Public lectures

Lecture series

December 2017: Crime and Minds: Psychology and the Law

Topics of the evening included: everyday aggression and psychopathy, prisons, eyewitnesses psychology and the police interview process. The evening also included a series of talks that focused on the special case of sexual offences, the criminal behaviour and investigative process of this sensitive crime.

December 2017: From Romans to Victorians: The History Trail of Great Britain's Kitchens and Foodways

This lecture took ​a historical search around Britain exploring the development of kitchen technology and great house architecture from 1350 to 1865.

February 2018: Power to the People: The Birth of the Music Video Industry in Britain 1966 to 1999

This lecture will present an historical analysis of music videos from the pioneering works of The Kinks, The Who, The Rolling Stones and Pink Floyd in 1966 to the ‘golden era’ of 1999.

February 2018: Neoliberalism, Marketisation and Higher Education 

In this public lecture, Roger Brown will explore the connections between the marketisation of higher education, economic inequality and Neoliberalism. Professor Brown will make the case that universities, if they are to help to reverse some of the detriments of Neoliberalism, need to change their approach radically.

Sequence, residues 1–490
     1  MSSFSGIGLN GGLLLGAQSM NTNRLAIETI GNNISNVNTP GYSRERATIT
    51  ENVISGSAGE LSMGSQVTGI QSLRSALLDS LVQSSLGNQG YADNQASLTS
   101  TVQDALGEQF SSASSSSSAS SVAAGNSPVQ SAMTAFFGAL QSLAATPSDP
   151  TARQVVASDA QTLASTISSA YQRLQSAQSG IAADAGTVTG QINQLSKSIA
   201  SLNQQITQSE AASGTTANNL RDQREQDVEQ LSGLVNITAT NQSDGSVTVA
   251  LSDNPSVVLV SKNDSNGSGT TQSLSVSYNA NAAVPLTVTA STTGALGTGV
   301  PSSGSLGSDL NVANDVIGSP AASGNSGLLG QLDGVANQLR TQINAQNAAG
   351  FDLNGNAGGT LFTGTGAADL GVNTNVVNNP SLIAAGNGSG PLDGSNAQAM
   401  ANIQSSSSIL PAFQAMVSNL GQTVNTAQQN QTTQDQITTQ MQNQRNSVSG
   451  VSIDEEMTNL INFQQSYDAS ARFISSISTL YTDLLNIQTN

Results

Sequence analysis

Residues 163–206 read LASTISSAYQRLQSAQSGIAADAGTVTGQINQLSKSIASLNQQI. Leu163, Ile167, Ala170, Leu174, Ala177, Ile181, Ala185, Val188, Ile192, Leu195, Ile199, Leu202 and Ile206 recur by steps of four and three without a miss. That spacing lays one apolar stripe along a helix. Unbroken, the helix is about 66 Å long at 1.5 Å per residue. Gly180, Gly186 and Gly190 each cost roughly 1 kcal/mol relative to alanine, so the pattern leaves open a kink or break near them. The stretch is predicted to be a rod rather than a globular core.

March 2018: Photography Sets the Image Free

In her inaugural lecture, and through a close reading of aspects of Walter Benjamin’s Little History of Photography (1931) Michelle Henning will argue for a different understanding of photography as something that sets images loose.

March 2018: The Art of Listening

Our culture is one that speaks rather than listens. It reduces reality to spectacular revelation and voyeurism. In the age of social media and mobile technologies our attention to the world and each other is increasingly distracted. In this talk Les Back argued that this way of life is having severe and damaging consequences in a world that suffers not from doubt but from fast certainties. 

March 2018: Born in Shame but Became a Dame!

Despite growing up in a Children’s Home, Dame Elizabeth has overcome adversity and is an internationally recognised nurse, activist and scholar. She has successfully campaigned for improved sickle cell services as well as the Mary Seacole Memorial Statue. Dame Elizabeth is currently in great demand to speak about her well-received memoirs ‘Mixed Blessings from a Cambridge Union’. In this lecture she discussed her life story.   

April 2018: Film screening - The Silent Child

The University of West London's School of Film, Media and Design hosted a special screening of 'The Silent Child' - produced by UWL Alumna Rebecca Harris.

May 2018: Population Aging in a Globalised World: Risks and Dilemmas?

This talk focused on global population ageing and evaluated the likely risks and opportunities of demographic ageing within the context of the health and wellbeing of individuals.